Cold New World: Growing Up in a Harder Country

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In this groundbreaking work of social journalism, a spotlight is cast on a population we find it easy, or convenient, to overlook.
"While the national economy has been growing, the economic prospects of most Americans have been dimming," William Finnegan writes.
"A new American class structure is being born—one that is harsher, in many ways, than the one it is replacing.
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Cold New World: Growing up in a Harder Country

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Overview

In this groundbreaking work of social journalism, a spotlight is cast on a population we find it easy, or convenient, to overlook.
"While the national economy has been growing, the economic prospects of most Americans have been dimming," William Finnegan writes.
"A new American class structure is being born—one that is harsher, in many ways, than the one it is replacing.
Some people are thriving in it, of course. This book is about some families who are not. More particularly, it's about their children who are teenagers
and young adults, about their lives and times, how they speak and act as they try to find their way in this cold new world.
Finnegan spent time with families in four communities across America and became an intimate observer of the lives revealed in these beautifully
rendered portraits: A fifteen-year-old drug dealer in blighted New Haven, Connecticut. A sleepy Texas town transformed when crack arrives.
Mexican American teenagers in Washington State, unable to relate to their immigrant parents and trying to find an identity in gangs. Jobless young white
supremacists in a downwardly mobile L.A. suburb.
This is a book about race, class, and social change that never loses sight of its subjects' humanity. The kids in these pages are complex,
multifaceted individuals, alternately sympathetic and frustrating, as richly drawn and compelling as characters in a novel. At the same time,
Finnegan's journalism goes beyond reportage as he lays bare the economic trends and political decisions that have created this harsher America—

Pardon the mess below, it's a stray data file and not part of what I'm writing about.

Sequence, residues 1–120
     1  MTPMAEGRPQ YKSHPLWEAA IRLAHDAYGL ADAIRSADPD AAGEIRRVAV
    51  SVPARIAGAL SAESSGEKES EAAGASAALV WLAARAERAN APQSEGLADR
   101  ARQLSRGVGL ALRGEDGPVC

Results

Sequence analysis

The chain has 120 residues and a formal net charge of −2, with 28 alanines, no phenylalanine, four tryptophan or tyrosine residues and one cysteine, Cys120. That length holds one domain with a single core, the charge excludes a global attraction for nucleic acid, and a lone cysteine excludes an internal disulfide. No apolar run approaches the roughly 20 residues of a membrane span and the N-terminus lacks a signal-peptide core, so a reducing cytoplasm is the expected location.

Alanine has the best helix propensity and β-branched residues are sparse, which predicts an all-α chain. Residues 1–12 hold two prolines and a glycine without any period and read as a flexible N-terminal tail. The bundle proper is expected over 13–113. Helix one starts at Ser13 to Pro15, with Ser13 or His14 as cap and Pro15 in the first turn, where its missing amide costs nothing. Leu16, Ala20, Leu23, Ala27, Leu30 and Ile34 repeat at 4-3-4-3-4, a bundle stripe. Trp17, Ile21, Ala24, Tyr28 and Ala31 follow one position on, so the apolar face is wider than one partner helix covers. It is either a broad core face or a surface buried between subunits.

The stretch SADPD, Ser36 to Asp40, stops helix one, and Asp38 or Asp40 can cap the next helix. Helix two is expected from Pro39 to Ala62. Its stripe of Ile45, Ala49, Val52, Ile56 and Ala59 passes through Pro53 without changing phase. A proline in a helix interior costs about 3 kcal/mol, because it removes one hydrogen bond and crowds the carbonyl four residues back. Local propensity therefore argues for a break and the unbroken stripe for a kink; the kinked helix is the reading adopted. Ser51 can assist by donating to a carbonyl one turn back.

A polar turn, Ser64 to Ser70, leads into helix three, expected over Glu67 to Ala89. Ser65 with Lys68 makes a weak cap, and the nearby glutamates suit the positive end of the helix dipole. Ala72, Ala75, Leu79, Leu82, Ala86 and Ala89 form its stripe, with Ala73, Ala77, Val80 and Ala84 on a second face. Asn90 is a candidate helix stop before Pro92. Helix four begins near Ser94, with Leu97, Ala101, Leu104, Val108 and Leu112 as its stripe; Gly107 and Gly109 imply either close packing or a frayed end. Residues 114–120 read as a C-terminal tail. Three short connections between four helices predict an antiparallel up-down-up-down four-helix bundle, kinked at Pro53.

a country where inequality and cultural alienation grow at a dangerous pace. Important,powerful, and compassionate, Cold New World gives us an
unforgettable look into a present that presages our future.
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Editorial Reviews

Jack Hitt
Finnegan's ability to plumb his characters' complexities is due to his documentary style. He settles upon a character and a place, and then he just keeps coming back for more and more visits, sometimes for years....Finegan's hanging-around technique yields riches among the kind of people that most reporters would strenuously avoid....[His stories] are about powerless people left battered and grounded by an economy that may be richly rewarding the educated, but is cruelly punishing many others.
-- New York Times Book Review
Publishers Weekly - Publisher's Weekly
Finnegan, a staff writer for the New Yorker, here functions as both a messenger and as a journalist. His message is that America is raising a new generation of young people shaped by an "oppressive sense of reduced possibilities." If that phrase smacks of sociological jargon, the book itself does not because of Finnegan's unobtrusive reportorial style that combines intuition with insight and fieldwork. While in the past 25 years poverty among the elderly has dropped by more than 50%, it has increased by 37% among children, notes the author. To find out what that means in human terms, he met with young people in four impoverished or lower-middle-class communities: the black slums of New Haven, Conn.; rural San Augustine County in Texas; the Yakima Valley in Washington, where the economy relies on underpaid Mexican labor; and Antelope Valley in California, a distant suburb of Los Angeles caught up in a struggle between warring bands of teenage skinheads. From each community, Finnegan draws vivid portraits of individuals caught between a sense of despair that they can never achieve the good life and an almost utopian dream that they can somehow break through to the middle class. The struggle between gangs is probably the most arresting section of the book, but the level of grim insight throughout will disturb the optimism of a healthy economy supposedly reflected in Wall Street's rising numbers. This book is a vibrant eye-opener.
Library Journal
On the evidence of this very American investigation, Finnegan has earned the deep respect accorded him for his earlier, risky reporting on African affairs. A New Yorker staff writer, he is best known for Crossing the Line (LJ 9/15/87), a work about apartheid in South Africa.